Conclusions: In Vietnam, bacterial enteric diseases have distinct temporal trends and seasonal patterns. Climate plays a role in defining high- and low-disease periods, but it does not appear to be an important factor influencing outbreaks.

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Related in: MedlinePlus

The monthly number of shigellosis/dysentery, typhoid fever, and cholera cases reported in Vietnam during 1991–2001.
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f2-ehp0116-000007: The monthly number of shigellosis/dysentery, typhoid fever, and cholera cases reported in Vietnam during 1991–2001.

Mentions: The monthly numbers of shigellosis/dysentery, typhoid fever, and cholera cases reported in Vietnam during 1991–2001 are shown in Figure 2. Shigellosis/dysentery was the most prevalent disease and increased approximately 2.5 times during the study period, with 16,976 cases (annual IR of 25.3 per 100,000) reported in 1991 compared with 46,292 cases (IR, 58.8) in 2001. The annual number of typhoid fever cases was similar at the beginning (7,592 cases; IR, 11.3) and end (9,614 cases; IR, 12.2) of the study period; however, there was a 3-fold increase during 1994 to 1997, with an average of 24,553 cases (IR, 33.8) reported annually. Overall, there were fewer cholera cases, which appeared episodically during 1991–1996, with four main peaks in May 1992 (1,851 cases; IR, 2.7), August–September 1993 (943–1,054 cases; IR, 1.4–1.5), May 1994 (1,127 cases; IR, 1.6), and June–July 1995 (1,097–1,492 cases; IR, 1.5–2.1). From January 1997 onward, the number of cholera cases reported nationwide decreased significantly, with only two minor peaks reported in January–February 1999 (188 cases; IR, 0.25) and September–October 2000 (166 cases; IR, 0.21).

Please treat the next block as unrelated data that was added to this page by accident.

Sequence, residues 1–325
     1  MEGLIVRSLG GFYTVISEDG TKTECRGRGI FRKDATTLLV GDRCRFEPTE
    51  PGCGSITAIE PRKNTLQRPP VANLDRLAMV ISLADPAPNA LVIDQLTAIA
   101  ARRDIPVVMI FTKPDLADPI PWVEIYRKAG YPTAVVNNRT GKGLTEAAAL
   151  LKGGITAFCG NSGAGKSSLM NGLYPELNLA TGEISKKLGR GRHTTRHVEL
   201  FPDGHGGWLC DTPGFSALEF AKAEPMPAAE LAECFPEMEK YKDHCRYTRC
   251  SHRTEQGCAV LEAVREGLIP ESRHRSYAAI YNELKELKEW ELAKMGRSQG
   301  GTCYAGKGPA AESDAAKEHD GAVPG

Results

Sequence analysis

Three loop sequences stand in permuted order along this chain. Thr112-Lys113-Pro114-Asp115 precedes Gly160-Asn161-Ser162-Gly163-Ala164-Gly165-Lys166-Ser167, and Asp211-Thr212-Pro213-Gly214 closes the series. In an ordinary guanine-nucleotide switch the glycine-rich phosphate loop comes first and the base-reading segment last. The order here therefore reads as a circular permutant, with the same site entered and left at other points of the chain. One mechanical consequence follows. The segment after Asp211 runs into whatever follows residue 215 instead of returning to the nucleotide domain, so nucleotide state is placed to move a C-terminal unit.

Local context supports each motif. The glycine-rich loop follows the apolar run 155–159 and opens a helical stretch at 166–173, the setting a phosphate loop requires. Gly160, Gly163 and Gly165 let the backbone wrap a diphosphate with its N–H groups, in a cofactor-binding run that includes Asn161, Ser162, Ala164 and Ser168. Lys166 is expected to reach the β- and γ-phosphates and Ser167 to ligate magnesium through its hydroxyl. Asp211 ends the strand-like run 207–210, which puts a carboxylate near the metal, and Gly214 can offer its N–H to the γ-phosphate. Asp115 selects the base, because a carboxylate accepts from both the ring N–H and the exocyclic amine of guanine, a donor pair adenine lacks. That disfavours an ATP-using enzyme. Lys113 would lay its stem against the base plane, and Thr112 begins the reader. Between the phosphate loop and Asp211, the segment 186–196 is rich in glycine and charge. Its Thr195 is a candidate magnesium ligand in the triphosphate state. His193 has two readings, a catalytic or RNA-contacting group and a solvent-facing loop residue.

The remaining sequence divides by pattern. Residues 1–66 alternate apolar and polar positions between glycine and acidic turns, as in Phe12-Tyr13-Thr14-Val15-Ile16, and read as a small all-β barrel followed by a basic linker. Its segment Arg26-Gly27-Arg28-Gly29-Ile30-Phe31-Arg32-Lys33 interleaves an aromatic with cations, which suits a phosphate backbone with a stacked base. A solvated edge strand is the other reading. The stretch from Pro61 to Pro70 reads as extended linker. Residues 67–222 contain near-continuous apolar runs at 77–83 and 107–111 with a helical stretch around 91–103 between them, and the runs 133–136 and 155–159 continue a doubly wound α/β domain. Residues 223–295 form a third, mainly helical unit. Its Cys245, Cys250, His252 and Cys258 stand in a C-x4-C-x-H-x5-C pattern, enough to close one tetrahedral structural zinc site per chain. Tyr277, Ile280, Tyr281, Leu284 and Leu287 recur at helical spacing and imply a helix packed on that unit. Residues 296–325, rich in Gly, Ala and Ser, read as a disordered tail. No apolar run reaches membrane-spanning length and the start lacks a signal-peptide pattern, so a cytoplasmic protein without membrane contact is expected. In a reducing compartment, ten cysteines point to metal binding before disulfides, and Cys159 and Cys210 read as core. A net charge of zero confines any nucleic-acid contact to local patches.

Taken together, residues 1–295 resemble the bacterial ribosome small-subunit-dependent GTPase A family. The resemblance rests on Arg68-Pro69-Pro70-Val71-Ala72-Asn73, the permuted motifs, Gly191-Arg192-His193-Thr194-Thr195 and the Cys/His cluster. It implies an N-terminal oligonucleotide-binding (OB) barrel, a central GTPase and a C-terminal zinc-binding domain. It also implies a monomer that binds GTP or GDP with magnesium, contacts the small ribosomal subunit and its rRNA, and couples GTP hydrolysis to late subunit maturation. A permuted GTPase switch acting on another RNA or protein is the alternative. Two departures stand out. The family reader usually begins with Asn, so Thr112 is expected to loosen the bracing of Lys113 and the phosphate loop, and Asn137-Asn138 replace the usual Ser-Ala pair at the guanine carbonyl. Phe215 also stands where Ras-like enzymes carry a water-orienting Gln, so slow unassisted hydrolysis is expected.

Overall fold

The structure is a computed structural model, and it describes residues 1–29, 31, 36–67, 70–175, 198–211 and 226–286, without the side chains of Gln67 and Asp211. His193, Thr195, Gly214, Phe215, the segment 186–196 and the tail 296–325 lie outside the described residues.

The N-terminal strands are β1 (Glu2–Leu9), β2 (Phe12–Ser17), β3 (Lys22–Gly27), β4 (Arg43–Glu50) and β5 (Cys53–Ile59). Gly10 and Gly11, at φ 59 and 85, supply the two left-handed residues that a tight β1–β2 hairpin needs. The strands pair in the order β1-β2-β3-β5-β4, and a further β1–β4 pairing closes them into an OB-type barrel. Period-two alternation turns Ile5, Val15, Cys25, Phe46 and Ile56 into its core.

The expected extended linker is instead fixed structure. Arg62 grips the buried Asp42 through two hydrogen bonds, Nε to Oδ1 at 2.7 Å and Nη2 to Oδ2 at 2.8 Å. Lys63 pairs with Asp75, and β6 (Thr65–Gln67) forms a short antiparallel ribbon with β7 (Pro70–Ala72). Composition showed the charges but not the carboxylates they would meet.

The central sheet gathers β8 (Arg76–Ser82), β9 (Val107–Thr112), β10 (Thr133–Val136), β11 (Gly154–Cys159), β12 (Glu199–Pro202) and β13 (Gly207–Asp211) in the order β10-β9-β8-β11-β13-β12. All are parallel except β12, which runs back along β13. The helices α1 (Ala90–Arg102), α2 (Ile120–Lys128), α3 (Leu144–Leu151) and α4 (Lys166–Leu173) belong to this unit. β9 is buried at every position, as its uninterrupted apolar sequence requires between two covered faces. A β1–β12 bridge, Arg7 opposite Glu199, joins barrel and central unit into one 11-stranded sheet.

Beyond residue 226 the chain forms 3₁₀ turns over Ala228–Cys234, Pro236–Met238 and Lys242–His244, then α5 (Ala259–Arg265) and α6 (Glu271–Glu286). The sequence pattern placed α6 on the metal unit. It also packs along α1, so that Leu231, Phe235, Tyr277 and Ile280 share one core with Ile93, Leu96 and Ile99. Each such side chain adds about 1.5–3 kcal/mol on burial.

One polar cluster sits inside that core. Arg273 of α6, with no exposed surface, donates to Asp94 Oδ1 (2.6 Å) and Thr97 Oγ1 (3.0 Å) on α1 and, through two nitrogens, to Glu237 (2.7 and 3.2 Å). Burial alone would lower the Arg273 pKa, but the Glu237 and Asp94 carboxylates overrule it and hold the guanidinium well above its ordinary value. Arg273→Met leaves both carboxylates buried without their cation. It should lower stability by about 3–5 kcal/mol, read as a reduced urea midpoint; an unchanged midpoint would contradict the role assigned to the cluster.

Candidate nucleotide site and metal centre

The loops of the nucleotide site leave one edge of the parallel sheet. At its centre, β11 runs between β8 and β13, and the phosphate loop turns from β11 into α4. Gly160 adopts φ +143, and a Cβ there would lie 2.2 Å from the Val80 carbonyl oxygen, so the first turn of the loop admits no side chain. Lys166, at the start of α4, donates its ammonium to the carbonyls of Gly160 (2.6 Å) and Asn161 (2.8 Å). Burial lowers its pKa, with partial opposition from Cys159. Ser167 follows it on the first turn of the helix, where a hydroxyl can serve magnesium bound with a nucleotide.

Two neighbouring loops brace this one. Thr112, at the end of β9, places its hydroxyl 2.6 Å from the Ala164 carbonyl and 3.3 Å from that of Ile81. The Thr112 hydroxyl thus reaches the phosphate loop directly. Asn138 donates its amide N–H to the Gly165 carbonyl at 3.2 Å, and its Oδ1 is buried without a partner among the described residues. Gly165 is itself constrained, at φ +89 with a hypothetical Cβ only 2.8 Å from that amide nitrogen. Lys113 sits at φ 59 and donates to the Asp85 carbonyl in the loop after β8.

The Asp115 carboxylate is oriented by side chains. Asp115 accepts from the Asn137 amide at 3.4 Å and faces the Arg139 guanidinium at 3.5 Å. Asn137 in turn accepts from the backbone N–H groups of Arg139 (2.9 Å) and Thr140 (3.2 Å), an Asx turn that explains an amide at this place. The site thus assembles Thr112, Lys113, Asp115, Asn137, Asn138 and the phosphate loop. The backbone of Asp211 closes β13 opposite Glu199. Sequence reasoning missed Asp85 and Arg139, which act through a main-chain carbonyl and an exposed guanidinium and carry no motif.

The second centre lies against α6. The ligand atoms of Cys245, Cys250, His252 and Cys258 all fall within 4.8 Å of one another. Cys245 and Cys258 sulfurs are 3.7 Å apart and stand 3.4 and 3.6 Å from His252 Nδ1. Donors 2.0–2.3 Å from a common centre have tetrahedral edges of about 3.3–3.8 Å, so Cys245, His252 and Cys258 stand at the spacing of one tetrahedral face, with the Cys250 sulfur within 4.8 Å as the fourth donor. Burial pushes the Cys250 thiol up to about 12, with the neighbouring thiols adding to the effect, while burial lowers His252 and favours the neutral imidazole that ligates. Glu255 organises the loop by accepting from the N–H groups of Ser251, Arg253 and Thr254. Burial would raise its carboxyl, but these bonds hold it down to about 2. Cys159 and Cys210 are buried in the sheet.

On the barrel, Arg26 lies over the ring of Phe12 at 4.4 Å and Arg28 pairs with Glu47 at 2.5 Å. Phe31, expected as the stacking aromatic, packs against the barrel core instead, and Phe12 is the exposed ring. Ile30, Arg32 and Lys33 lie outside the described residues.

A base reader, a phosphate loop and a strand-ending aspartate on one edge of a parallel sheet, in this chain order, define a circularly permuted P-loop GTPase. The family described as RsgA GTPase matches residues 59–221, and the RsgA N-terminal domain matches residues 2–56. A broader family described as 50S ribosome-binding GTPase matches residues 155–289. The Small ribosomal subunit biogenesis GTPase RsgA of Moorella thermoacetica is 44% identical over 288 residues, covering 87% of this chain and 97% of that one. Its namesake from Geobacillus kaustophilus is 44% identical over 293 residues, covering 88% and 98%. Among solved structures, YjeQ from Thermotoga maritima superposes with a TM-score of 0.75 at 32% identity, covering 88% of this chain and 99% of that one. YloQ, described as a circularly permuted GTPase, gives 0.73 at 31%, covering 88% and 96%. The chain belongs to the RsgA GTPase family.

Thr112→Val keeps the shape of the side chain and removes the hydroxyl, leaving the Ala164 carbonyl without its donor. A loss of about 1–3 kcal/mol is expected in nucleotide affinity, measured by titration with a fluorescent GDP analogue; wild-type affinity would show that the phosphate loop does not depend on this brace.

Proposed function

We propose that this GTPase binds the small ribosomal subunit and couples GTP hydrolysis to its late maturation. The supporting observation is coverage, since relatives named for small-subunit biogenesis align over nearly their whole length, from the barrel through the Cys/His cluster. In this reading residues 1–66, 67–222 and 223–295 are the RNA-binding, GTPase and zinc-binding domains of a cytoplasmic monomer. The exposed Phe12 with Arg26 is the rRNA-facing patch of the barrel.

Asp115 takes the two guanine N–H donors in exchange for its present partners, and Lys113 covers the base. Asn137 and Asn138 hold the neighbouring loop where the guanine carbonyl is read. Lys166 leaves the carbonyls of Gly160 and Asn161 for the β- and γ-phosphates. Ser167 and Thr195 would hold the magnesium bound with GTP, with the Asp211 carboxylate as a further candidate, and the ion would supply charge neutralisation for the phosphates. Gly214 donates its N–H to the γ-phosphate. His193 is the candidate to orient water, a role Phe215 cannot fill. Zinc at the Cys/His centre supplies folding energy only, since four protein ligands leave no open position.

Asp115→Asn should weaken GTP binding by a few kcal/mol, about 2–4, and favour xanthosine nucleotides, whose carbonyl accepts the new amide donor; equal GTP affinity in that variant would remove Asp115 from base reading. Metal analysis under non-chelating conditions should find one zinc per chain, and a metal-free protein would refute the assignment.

Temporal trends and climatic factors associated with bacterial enteric diseases in Vietnam, 1991-2001.

Kelly-Hope LA, Alonso WJ, Thiem VD, Canh do G, Anh DD, Lee H, Miller MA - Environ. Health Perspect. (2008)

The monthly number of shigellosis/dysentery, typhoid fever, and cholera cases reported in Vietnam during 1991–2001.